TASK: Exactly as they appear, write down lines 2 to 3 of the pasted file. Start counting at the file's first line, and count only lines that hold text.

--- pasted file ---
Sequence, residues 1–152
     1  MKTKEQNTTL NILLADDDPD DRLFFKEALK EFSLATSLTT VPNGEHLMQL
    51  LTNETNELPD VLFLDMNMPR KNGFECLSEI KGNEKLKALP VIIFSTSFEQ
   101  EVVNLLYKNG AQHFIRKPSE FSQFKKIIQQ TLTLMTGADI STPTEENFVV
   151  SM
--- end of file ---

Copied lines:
     1  MKTKEQNTTL NILLADDDPD DRLFFKEALK EFSLATSLTT VPNGEHLMQL
    51  LTNETNELPD VLFLDMNMPR KNGFECLSEI KGNEKLKALP VIIFSTSFEQ